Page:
Yerusha is a family-based supplementary education program in central New Jersey. Yerusha has two distinct educational programs: one for students in grades K-4, and another for students in grades 5-12. Within each program, students advance through ranks based on their accomplishments, rather than based on their age or grade level. Each program comes together for weekly two-hour gatherings from 4-6 pm on Sundays, and also for four Shabbatons throughout the year.
The educational core of Yerusha is a self-paced learning system of ranks and badges. Participants progress at their own pace by fulfilling requirements. Youth with strong drive and motivation will progress through the ranks quickly, while others may take a more leisurely approach.
- Kindergarten through 4th Grade: age-appropriate requirements guide younger participants in their Jewish learning, with significant support from parents.
- 5th through 12th grade: age-appropriate requirements guide older participants in their Jewish learning, with significant opportunities for youth leadership.
Youth can join the program at any time between kindergarten and 17 years old. No prior Jewish learning is required, and youth with previous learning experience will be placed in a rank appropriate to their knowledge and experience level.
In addition to providing a strong pre-Bar/Bat Mitzvah learning experience, heavy emphasis is placed on post-Bar/Bat Mitzvah learning and achievement. To encourage youth to continue their Jewish learning, Yerusha has three challenging ranks after Bar/Bat Mizvah. Highly motivated teens can earn the rank of Etz Haim (“Tree of Life”), a level of learning and achievement similar to the Eagle Scout in Scouting.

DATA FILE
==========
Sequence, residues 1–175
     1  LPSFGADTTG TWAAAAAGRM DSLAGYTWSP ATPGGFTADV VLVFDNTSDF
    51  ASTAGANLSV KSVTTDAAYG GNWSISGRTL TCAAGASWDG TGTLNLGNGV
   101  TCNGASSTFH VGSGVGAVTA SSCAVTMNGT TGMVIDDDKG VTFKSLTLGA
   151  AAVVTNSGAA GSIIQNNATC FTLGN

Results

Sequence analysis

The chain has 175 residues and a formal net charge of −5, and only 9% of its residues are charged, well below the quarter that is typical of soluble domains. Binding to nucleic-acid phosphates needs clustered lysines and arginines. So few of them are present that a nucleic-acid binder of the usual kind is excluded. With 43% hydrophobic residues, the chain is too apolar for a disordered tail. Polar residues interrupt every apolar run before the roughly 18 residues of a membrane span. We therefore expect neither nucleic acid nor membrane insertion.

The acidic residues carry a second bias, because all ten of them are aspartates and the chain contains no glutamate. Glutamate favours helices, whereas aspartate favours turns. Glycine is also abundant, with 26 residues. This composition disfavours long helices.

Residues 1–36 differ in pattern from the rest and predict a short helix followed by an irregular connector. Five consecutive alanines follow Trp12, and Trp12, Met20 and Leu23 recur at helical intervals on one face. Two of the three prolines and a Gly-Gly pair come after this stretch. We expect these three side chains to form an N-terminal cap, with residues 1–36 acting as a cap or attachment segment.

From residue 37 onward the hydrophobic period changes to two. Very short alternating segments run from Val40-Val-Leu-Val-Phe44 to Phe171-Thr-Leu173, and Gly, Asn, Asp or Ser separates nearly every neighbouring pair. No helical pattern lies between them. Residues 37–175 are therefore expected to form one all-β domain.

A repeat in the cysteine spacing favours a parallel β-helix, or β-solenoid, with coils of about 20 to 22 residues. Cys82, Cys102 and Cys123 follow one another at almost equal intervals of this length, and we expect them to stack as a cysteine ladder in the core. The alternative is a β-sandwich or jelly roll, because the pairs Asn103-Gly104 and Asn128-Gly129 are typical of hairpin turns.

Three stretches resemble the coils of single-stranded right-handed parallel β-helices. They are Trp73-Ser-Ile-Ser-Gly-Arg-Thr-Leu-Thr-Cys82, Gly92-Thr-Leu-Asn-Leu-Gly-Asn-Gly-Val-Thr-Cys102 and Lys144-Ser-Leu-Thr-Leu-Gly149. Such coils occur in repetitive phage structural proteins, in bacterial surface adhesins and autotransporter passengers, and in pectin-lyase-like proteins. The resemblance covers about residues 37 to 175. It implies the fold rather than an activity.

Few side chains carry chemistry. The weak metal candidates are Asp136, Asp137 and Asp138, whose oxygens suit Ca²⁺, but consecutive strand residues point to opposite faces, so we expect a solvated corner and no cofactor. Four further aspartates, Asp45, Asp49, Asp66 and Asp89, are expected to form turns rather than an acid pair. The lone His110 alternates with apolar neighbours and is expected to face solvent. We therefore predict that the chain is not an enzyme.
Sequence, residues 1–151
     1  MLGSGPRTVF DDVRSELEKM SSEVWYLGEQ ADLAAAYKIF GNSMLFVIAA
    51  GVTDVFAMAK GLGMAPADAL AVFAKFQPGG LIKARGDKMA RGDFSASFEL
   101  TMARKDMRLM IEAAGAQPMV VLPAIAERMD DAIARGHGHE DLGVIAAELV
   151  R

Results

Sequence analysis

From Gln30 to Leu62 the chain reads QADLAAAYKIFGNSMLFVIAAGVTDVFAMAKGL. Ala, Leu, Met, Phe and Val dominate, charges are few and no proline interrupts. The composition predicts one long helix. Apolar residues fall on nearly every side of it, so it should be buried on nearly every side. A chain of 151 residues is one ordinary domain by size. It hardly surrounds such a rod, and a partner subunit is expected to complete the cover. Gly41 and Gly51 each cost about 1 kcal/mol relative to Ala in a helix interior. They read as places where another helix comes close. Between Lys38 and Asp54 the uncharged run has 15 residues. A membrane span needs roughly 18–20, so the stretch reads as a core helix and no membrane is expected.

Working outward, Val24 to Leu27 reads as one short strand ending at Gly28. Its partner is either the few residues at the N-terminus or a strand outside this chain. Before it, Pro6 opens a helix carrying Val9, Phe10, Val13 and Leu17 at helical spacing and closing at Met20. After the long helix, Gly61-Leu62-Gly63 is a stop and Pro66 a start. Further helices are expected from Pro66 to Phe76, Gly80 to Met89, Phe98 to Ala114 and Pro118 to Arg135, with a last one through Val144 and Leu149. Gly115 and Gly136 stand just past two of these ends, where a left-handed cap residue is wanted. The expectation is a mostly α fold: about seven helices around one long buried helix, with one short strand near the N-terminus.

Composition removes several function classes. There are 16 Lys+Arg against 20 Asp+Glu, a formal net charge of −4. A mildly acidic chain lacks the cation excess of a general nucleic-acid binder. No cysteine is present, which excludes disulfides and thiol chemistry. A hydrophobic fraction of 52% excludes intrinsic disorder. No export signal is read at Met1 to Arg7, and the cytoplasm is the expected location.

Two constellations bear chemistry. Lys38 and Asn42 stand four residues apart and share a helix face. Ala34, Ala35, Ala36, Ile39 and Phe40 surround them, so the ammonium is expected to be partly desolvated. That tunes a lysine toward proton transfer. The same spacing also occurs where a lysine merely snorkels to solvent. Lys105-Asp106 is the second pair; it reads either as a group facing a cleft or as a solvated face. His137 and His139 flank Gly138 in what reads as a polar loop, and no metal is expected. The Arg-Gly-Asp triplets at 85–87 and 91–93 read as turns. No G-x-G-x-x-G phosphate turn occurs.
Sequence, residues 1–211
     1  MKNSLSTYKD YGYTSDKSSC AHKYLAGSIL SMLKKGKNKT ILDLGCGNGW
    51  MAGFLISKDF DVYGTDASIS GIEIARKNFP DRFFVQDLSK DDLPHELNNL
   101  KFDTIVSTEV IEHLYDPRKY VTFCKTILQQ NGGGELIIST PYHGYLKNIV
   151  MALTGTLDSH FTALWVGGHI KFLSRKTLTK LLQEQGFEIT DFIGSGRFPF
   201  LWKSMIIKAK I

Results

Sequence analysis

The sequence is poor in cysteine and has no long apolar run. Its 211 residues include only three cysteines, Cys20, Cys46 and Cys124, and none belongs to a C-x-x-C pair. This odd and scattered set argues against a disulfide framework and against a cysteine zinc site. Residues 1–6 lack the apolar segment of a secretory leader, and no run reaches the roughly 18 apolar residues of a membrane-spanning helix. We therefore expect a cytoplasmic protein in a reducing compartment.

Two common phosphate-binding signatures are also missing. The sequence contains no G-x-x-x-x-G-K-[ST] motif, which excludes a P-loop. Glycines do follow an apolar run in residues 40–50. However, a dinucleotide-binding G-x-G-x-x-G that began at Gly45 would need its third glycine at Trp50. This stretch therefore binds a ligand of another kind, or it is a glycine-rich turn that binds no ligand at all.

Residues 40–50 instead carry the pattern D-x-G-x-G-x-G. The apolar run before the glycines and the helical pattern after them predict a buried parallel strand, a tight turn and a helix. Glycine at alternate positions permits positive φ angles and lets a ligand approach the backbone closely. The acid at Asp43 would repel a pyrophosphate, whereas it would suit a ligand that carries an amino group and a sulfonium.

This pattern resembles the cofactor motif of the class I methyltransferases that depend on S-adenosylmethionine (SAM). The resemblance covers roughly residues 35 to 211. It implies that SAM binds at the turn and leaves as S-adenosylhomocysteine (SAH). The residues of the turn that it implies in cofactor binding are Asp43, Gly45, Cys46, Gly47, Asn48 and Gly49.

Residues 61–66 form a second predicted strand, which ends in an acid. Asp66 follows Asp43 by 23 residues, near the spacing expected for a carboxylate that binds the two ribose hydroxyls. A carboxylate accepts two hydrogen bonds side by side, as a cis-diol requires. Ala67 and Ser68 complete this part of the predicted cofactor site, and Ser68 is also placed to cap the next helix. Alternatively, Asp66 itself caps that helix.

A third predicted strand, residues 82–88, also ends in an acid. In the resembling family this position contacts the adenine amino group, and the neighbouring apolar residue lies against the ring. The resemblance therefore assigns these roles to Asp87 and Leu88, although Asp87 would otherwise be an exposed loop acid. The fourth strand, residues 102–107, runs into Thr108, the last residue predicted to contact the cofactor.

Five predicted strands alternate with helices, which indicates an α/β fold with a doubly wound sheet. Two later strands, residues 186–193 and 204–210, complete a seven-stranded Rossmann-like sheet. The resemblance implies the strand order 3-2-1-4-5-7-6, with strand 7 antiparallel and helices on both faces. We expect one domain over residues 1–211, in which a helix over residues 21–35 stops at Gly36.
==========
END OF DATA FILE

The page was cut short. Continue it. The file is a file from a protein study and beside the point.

Hebrew Learning System
Learning Hebrew is a critical component of any Jewish education. Because youth acquire language at such widely divergent paces, the Yerusha Hebrew learning program features a self-paced system of 22 Hebrew levels that break down the process of learning Hebrew into hundreds of steps. Hebrew comprehension is introduced from the beginning of the program; even while learning to decode letters and form syllables and words, participants are also learning common roots, blessings, and Modern Hebrew phrases.
A variety of Hebrew learning tools will be available to Yerusha participants, including top-flight computer-based learning programs. Although Hebrew learning will take place throughout the Yerusha program, there are no formal Hebrew classes. Instead, participants set aside time to learn on their own or in small groups, at their own pace. To ensure participants acquire sufficient Hebrew skills, each rank has an assigned minimum Hebrew level in order to complete the rank.
Yerusha is egalitarian: girls and boys have equal roles in all aspects of the program. Yerusha is progressive and cross-denominational, welcoming families from all Jewish backgrounds.